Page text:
This cross-stitch of a leopard had its back (the bottom part at least) against the wall.  

While this fruit basket cross-stitch, I elevated from the wall with this stick pin used for maps.

I made my conclusion that simply elevating your framed pieces off the wall could do much for its protection.  I would recommend something more simple now for this purpose.  Use plastic bottle caps.  Attach them to the back of the painting with double sided tape to create “legs”.  Don’t worry, if you attach it further inside the painting, they will not be seen by your viewers but they would still work their magic.  These legs would create breathing space between the wall and your framed piece and will cut off the capillary action between the backing and the wall during the wet weather.   For small paintings, one for each corner will do.  For larger works, I add extras along the mid sides. 

See, barely noticeable.

I mentioned earlier that I operated on the framed painting and here is what I found out.  Contrary to what we have agreed on, one framer used adhesives to secure my watercolor onto the back mat.  A board with a sticker surface was used as a back mat.  When I questioned them later, I was told this is standard practice for cross-stitched works and therefore something they don’t think about twice for using on painted paper.  They are not familiar with the concept of acid-free materials so I’m surmising this adhesive is probably not up to standard.  It did cause a discoloration in the back part of the watercolor paper which later travelled to the front of the painting.  (Although I’m probably the only one who can see the “damage” :D)  The front two mats were glued to each other using clear tape which also came into direct contact with the painting.  As many of you probably guessed, when these office tapes yellowed over the years, the part in contact with the painting also discolored.  The painting itself was cut to within half an inch of the painted surface and again secured to the backing with clear tape on all sides.  So much for the 3 and sometimes 4 inch allowance I always put on my painting’s margins and for the specific instructions not to cut the said margin.  This is just a precaution on my part.  I was thinking if I placed this much space between the painted area and the edge, then if they used tape adhesives, I would still have some safety zone between the tape and the painted surface.   Anyway, lesson learned.  If you want something done right, sometimes you have to do it yourself.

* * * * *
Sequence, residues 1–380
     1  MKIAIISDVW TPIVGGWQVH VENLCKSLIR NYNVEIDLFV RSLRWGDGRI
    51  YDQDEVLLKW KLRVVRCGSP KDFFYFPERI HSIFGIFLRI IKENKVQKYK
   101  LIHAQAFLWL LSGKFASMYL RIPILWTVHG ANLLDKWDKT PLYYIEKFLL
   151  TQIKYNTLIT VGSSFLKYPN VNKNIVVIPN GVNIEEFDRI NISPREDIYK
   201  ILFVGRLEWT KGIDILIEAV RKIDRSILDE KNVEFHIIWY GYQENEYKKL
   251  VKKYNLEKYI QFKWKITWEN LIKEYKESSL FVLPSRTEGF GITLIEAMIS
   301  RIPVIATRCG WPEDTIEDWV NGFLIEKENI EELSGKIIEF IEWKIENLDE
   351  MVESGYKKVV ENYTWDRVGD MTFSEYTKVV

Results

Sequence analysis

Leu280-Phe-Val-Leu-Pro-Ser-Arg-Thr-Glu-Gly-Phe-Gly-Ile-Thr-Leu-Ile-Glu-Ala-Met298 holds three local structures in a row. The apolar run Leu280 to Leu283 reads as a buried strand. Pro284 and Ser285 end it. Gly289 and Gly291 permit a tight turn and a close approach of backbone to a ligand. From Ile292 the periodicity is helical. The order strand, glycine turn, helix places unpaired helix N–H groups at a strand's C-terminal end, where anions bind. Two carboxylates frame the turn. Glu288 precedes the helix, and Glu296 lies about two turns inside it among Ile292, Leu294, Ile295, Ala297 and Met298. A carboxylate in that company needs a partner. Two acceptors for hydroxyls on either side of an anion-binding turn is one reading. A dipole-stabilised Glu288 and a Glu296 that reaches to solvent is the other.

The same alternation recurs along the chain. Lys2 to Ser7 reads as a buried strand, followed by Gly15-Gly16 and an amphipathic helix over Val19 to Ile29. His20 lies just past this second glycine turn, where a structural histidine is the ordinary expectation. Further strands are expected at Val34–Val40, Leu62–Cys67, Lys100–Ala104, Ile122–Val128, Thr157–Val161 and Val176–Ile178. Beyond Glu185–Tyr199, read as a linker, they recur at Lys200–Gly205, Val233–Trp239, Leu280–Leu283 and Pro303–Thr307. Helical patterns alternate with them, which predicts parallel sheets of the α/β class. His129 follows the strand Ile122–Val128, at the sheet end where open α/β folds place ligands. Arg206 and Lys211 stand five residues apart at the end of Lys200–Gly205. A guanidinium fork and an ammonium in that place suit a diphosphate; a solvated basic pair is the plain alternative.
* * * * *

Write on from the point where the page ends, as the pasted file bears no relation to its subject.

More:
I looked for another framer and luckily found one that was very accomodating.   They didn’t question when I ordered a frame without ever showing the painting.  Just specified the window for the mat, mat width and frame type.  I just asked them to make the back fasteners the kind that you can bend open and close. 

Here are some solutions you can try to correct the inside of your framing if you’re not sure about the archivalness of your frame and mat.

1. Coat the inside surfaces that get in contact with your painting with gesso.  Gesso is basically made of calcium carbonate – a base substance.  By applying a layer of gesso on a mat, you’re creating a buffer layer between your painting and the board making the surface, acid-free.  I apply it to the base mat and the top mats on the side where they are in contact with the painting.